Switching To Pathfinder from D&D
Table of Contents:
Switching To Pathfinder from D&D
How to Drop WotC for Paizo
With all the drama surrounding the OGL update you and your playgroup may be in the market for a new tabletop roleplaying system. Pathfinder is the pepsi to D&D’s coke and if you’re looking for a new game that isn’t too much of a departure from the dungeon delving you know and love then pathfinder might be a perfect fit for your table. We’re going to go through all the major differences and changes you can expect switching from 5e D&D to Pathfinder 1e. Get ready to climb those feat trees as we go through everything you need to know.
You’ve got a whole world of TTRPGs to pick from, why pick Pathfinder? Pathfinder shares a lot of DNA with D&D, so while it’s a very different system you’ll find a lot of familiar terms and mechanics. It’s essentially D&D just with some of those complexity dials turned up high. If you’re still wanting to play games that are very similar to your existing D&D campaigns but with some more crunch and player options, then Pathfinder is a great fit.
Pathfinder 1e has also been around for 14 years and they’ve released a ton of content. WotC releases just a few books a year, Paizo on the other hand releases dozens every year and there are literally hundreds of books full of official content, most of which are freely available online.
Pathfinder 1 or 2?
Just like with D&D, there are multiple editions of pathfinder to work with. Both 1st and 2nd edition pathfinder are still active and popular games with their own very different pros and cons. For this article we’re going to be talking about the 1st edition pathfinder system but stay tuned for another article discussing the sequel.
What Books do I Need?
This is honestly one of pathfinder’s big selling points, despite there being literally dozens of “core” books for pathfinder, absolutely everything you need is online for free. You and your group can play pathfinder without spending a dime. Paizo has a long running “unofficial” policy regarding takedowns and policing their content. Paizo makes their money with adventure paths and they have no problem with you downloading everything else for free. Huge pathfinder databases are easily accessible and easy to use containing every character option, monster, spell, and feat you could possibly want.
If you’re a purist however and want the physical book, you’ll have to build up quite a library to get the full “core” rules of pathfinder. At the bare minimum you’ll need:
Beyond that there are literally dozens of supplementary books, but I’d recommend starting with:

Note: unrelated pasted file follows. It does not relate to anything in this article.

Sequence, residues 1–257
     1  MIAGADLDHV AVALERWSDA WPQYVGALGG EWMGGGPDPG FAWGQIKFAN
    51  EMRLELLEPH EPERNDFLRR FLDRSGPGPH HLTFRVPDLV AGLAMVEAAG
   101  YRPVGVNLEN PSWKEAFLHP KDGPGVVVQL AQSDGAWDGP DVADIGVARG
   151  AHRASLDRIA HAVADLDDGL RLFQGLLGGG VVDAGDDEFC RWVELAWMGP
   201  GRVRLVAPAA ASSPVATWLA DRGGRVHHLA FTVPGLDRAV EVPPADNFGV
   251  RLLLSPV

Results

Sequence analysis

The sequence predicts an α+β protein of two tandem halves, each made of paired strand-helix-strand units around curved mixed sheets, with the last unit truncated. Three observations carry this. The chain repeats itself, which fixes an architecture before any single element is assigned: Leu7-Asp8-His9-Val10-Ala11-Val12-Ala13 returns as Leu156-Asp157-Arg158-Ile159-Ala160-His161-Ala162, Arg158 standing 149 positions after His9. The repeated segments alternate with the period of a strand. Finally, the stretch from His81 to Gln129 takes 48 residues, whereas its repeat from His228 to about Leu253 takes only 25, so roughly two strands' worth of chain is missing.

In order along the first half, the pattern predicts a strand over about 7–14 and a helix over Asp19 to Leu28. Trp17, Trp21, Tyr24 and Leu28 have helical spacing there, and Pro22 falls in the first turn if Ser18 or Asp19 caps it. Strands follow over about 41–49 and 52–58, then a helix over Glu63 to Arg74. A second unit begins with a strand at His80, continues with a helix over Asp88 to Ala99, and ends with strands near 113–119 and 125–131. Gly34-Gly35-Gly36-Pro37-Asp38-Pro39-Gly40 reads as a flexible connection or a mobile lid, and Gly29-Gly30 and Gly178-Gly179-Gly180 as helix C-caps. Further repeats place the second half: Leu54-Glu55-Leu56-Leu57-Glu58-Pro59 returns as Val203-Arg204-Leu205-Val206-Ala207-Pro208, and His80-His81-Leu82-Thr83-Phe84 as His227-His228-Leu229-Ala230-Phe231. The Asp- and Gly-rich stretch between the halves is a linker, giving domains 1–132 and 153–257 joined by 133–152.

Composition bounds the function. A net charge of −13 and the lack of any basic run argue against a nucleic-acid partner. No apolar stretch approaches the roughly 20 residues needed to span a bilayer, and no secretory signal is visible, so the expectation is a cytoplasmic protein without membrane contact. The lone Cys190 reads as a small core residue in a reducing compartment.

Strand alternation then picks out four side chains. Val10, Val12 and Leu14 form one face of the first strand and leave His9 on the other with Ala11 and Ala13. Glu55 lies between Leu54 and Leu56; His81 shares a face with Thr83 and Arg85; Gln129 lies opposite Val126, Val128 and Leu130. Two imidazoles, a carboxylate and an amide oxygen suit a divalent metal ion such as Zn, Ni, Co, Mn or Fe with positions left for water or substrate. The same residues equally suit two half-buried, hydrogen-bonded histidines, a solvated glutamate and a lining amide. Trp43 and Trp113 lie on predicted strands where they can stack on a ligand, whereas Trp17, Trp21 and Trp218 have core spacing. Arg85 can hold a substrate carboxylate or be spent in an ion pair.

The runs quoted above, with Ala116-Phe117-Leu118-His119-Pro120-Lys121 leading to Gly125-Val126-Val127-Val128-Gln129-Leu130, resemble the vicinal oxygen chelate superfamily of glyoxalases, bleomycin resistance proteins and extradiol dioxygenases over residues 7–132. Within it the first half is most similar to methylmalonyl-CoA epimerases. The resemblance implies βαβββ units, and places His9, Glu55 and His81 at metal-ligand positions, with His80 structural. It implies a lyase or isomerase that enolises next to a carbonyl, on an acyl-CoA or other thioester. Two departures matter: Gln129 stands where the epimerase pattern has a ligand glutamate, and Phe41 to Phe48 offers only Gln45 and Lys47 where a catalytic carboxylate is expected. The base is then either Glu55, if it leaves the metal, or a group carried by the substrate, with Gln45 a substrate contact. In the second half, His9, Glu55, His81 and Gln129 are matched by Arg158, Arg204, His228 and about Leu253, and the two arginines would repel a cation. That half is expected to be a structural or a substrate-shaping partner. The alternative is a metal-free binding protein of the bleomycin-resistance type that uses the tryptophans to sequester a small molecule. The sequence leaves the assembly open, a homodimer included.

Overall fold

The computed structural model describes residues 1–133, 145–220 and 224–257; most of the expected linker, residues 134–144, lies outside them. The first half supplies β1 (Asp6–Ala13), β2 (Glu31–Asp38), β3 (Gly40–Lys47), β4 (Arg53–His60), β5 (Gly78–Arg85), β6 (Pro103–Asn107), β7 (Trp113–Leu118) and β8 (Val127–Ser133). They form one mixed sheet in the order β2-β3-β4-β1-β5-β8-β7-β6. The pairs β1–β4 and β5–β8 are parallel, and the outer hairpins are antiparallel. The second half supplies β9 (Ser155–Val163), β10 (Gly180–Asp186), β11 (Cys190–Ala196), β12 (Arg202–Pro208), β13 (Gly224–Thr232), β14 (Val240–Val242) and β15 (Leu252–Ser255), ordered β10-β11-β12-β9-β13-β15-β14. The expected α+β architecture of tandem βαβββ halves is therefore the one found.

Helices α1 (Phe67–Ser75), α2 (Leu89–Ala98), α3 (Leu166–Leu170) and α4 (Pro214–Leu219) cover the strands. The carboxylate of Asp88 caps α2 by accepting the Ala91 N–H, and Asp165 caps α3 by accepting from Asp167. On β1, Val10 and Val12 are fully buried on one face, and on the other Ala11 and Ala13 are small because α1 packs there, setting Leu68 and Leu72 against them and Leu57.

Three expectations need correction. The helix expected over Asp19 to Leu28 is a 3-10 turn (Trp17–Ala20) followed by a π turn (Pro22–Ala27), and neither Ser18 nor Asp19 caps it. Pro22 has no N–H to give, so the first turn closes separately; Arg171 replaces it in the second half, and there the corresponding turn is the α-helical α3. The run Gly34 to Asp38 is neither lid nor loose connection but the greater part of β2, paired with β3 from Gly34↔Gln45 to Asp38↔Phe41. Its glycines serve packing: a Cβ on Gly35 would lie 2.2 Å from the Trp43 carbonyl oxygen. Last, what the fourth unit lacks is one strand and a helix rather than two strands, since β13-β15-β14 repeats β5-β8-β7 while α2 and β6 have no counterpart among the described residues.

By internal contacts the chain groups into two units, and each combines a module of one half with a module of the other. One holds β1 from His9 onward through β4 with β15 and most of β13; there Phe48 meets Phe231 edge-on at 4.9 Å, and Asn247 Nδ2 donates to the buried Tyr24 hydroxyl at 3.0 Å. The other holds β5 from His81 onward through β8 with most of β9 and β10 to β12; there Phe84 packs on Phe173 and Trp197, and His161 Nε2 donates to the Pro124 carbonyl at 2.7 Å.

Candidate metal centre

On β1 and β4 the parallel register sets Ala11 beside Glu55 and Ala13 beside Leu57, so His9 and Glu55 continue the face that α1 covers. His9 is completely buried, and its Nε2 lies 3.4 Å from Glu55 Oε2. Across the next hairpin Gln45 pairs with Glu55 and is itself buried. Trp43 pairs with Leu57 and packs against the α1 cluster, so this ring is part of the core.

What Dice do I need?
Just like D&D, Pathfinder uses the polyhedral set of d20, d12, 2 d10s, d8, d6, and d4. So, any dice sets you picked up for D&D will do you just fine for Pathfinder as well. Check out our RPG Dice here
Switching to Pathfinder as a DM
Let’s go through some of the biggest changes you’ll feel as a DM switching from 5e D&D to Pathfinder.
Advantage Vs Crunch
Playing 5e it can be easy to forget how useful the advantage/disadvantage system is until it’s gone. In 5e you’ve probably gotten very used to simply applying advantage or disadvantage to rolls when weird situations come up. Pathfinder has a different solution which is to have special rules for everything.
Let’s say your player is underwater, grappled by a giant squid, blinded by squid ink, and they want to fire an arrow at the merfolk wizard in the distance. In 5e you’d be able to simply tell your player to “roll at disadvantage” but in Pathfinder every single one of those parameters makes a numerical change on the roll. You’ll have a lot of situations where you’ll need to stack up bonuses and penalties for a while before you can figure out what final number to add to a roll and what number they need to reach. And don’t get me started on the grappling rules which I’m convinced nobody ever remembers right.
This isn’t a good or a bad thing exactly. Advantage and disadvantage do a lot to speed combat along, but it also makes some of those situations shallow and inconsequential. Pathfinder gives you rules for practically every weird situation you can come up with and the interactions can get devilishly deep. It just means you as a DM will need to have these rules ready to go, or you at least need to get adept at speedily looking them up.
Magic Item Progression
In 5e magic items are few and far between, they’re rare rewards you can pass out when you feel like it and only categorized loosely by rarity. Pathfinder took a different route and expects you to provide a certain amount of treasure and magic items depending on the player’s levels. You can hand items over directly, but you’ll likely want to plan on some big magic item shops or other ways to make them available to your players. Pathfinder magic items all have gold prices attached, so if you’re unsure what items to give you can simply give them the recommended amounts of gold and treasure instead (found on page 399 of the core rulebook).
You don’t have to get your players everything under the sun, but the way Pathfinder is set up it expects them to gain some basic “stat increase” items and the monsters are all balanced with that assumption. Things like basic magic weapons, magic armor, amulets or cloaks that add to their saving throws, and the belt and headband items that add to their ability scores.
One of the design philosophies in Pathfinder is that any NPC “works” as if it was created as a character. This has led to a lot of very strange trends in how they build their NPCs and how you’ll have to build your NPCs for Pathfinder adventures. NPCs are built using all the same rules as a character, but are often built up using multiple classes, tons of levels, and odd feat progression to be a serious threat to the party while still following all the same “rules”. You’ll find practically every NPC has a few levels of Rogue to add extra damage, and you’ll find humanoid NPCs your party face in adventure paths is often at much higher level than the party with features from countless sources.
As a DM you can always handwave away a lot of this complexity in your own NPCs, but there are some mechanics you’ll have to make up on the spot, and particularly rules savvy players will be able to spot inconsistencies.
Switching to Pathfinder as a Player
Let’s go through the biggest changes you’ll feel as a player swapping over from 5e D&D to Pathfinder 1e.
A Wealth of Options